COVID-19 vaccine less effective for some immunosuppressed patients, study finds


The novel coronavirus (COVID-19) vaccines may be less effective for some immunosuppressed patients, according to new findings published in a research letter in JAMA.

Among 436 participants, organ transplant recipients with no prior COVID-19 diagnosis who received a first dose of mRNA vaccine, only 17 percent mounted detectable antibodies to SARS-CoV-2. This is in stark contrast to immunocompetent people who were vaccinated, of whom 100 percent mounted detectable antibody, which was true for people who had received either the Pfizer-BioNTech or Moderna vaccine, the authors said.

The researchers also said they found that those taking anti-metabolites, such as mycophenolate or azathioprine, were about five times less likely to develop antibody responses—8.75 percent detectable antibody in those taking anti-metabolites versus 41.4 percent in those not taking them.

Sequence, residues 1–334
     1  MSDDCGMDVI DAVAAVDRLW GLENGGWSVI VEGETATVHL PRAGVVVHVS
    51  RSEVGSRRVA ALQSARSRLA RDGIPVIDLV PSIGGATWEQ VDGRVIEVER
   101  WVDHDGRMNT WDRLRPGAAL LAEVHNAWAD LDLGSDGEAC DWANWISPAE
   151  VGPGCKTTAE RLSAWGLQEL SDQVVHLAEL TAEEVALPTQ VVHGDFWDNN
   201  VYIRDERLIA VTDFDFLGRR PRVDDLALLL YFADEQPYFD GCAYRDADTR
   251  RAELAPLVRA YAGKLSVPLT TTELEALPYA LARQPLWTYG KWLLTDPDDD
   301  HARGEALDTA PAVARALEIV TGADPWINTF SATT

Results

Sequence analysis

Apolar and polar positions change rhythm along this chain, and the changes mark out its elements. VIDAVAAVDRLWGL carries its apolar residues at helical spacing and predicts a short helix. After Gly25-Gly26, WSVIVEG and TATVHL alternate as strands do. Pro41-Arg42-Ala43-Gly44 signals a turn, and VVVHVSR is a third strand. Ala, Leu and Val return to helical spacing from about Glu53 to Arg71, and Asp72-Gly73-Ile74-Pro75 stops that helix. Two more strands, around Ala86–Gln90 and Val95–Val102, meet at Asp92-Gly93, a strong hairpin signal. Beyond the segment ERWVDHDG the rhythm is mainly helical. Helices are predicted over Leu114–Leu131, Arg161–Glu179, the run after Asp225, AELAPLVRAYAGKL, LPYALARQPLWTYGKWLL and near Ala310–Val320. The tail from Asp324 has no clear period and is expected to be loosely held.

While the study focused on transplant recipients, the authors said transplant recipients, and the findings, especially those concerning anti-metabolites, could apply to other immunosuppressed patients, such as those with autoimmune conditions. While previous research has not found that immunosuppressed transplant patients are at increased risk of COVID-19 mortality, the vaccine does not seem to work as well in this same population, the authors said.

These findings of poor anti-spike antibody responses in organ transplant recipients after the first dose of mRNA vaccines suggest that such patients may remain at higher early risk for COVID-19 despite vaccination. Deeper immunophenotyping of transplant recipients after vaccination, including characterization of memory B-cell and T-cell responses, will be important in determining vaccination strategies as well as immunologic responses after the second dose, the researchers said.

The research is ongoing and continues to enroll new participants.

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